Renewed Attempts to Isolate and Silence Women’s Rights Activists
(27 October 2008) The Iranian government has substantially increased its persecution and prosecution of women’s rights activists in recent days. These actions come on the heels of a report by the UN Secretary General calling on Iran to end its repressive measures against women’s rights activists.
In a 20 October 2008 report, the Secretary General noted “an increasing crackdown in the past year on the women’s rights movement” and that “women’s rights activism is sometimes presented by the Iranian Government as being connected to external security threats to the country.” The report referred specifically to organizers of the “One Million Signatures Campaign [who] reportedly faced arrest and intimidation by authorities.”
During the past two weeks, security agents have targeted members of the One Million Signatures Campaign, which promotes gender equality within Iranian laws, with detentions, summonses, and travel bans.
The International Campaign for Human Rights in Iran urged the Iranian government to cease its unjustified and repressive measures against peaceful activists.
“The actions by Iranian authorities display a systematic and consistent effort to stifle women’s rights activists in Iran that has been condemned widely by the international community, including the recent UN Secretary General’s report,” Hadi Ghaemi, spokesperson for the International Campaign for Human Rights in Iran said.
On 26 October 2008, security agents prevented Sussan Tahmasebi, a member of the One Million Signatures Campaign, from leaving Iran to visit her family abroad and confiscated her passport. Security agents subsequently searched Tahmasebi’s home and seized her computer, CDs, books, writings, texts on peace-building, and other personal belongings. She has been ordered to appear in court within three days.
Tahmasebi told Change for Equality, the website of the One Million Signatures Campaign, “This is the fourth time that security officials have prevented me from traveling under different pretenses. Despite my repeated inquiries I was provided with no information on the reason for their action and the case on which I am being called to the Revolutionary Courts.”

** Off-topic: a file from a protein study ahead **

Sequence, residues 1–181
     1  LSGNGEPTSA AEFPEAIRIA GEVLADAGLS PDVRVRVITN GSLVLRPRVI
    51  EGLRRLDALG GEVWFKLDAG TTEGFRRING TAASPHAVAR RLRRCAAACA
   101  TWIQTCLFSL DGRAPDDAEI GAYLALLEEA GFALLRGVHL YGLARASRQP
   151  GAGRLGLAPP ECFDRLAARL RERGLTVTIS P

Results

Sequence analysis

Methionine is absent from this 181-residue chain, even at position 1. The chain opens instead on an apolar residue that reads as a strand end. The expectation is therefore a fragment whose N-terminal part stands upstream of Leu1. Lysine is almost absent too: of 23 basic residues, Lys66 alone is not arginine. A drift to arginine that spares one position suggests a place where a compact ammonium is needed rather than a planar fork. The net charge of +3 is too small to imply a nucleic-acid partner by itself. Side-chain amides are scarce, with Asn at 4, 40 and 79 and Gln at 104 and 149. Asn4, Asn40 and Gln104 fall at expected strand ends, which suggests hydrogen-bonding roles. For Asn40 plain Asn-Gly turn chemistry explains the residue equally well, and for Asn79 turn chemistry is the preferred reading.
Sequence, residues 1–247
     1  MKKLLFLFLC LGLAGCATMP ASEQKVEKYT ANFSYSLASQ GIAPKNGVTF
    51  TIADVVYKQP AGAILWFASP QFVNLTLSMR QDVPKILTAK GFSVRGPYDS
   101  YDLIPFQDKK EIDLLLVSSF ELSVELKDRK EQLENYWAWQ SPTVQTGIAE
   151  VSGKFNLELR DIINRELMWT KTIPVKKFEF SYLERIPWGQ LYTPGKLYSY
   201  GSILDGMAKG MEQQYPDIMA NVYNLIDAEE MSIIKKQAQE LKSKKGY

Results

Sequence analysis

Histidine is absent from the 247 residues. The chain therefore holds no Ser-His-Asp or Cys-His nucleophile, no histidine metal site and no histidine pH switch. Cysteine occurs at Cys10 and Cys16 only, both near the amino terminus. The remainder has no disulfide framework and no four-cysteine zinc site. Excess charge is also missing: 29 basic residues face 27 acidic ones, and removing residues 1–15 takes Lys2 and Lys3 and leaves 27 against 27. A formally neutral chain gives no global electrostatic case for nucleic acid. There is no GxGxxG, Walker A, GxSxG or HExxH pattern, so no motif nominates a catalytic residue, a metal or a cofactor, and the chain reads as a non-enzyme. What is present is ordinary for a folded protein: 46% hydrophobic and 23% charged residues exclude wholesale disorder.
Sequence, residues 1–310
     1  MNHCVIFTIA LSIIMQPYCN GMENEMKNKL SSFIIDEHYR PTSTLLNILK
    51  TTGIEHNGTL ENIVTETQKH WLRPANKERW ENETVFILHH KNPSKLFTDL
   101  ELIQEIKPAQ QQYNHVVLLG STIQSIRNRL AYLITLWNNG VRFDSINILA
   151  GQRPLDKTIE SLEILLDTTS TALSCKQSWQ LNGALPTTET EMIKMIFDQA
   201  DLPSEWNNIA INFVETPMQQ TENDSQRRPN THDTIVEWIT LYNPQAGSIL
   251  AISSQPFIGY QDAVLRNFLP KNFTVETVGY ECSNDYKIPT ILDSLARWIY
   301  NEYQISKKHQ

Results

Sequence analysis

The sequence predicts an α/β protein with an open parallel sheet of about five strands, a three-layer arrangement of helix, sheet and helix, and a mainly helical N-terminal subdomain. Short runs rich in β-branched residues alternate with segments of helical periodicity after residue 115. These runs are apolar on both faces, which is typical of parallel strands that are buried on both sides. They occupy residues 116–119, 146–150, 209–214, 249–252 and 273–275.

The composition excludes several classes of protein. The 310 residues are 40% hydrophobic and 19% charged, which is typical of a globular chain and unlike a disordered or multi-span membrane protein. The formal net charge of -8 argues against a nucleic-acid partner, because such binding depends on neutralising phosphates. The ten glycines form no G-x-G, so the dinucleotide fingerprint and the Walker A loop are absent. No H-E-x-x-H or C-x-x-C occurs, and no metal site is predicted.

Tahmasebi is among a number of women’s rights activists who have been banned from traveling abroad in recent months.
On Friday 17 October, Parastoo Alahyaari, another member of the One Million Signatures Campaign, was in Laleh Park in Tehran meeting with fellow activists, when security officers ordered their group to disperse. Alahyaari and others were ordered to submit identification cards after asking why they were being told to disperse. On 18 October, security agents searched her home and seized her laptop, CDs, books, picture albums and materials related to the One Million Signatures Campaign.
California State University graduate student Esha Momeini has been held in incommunicado detention in Evin Prison’s Section 209 since 15 October 2008. She was detained while conducting her thesis research on the women’s rights movement in Iran. The International Campaign for Human Rights in Iran expressed serious concerns for her health and safety. She was due to undergo a kidney stone operation when she was detained. There are fears of Momeini being ill-treated by Intelligence Ministry officers who run Section 209. She has not received any medical care and is being denied access to her lawyer and family.
“While forcibly infringing on the freedom of movement of peaceful women’s rights activists and attempting to intimidate others and stifle research, Iranian authorities are demonstrating their utter disregard for the United Nations and the human rights standards to which they are committed,” Ghaemi said.
The Campaign is appealing to the Iranian authorities to immediately release Momeini and return Tahmasebi’s passport. The Campaign urges the government to cooperate with United Nations agencies and international civil society groups that seek to assist Iran in abiding by its international human rights obligations.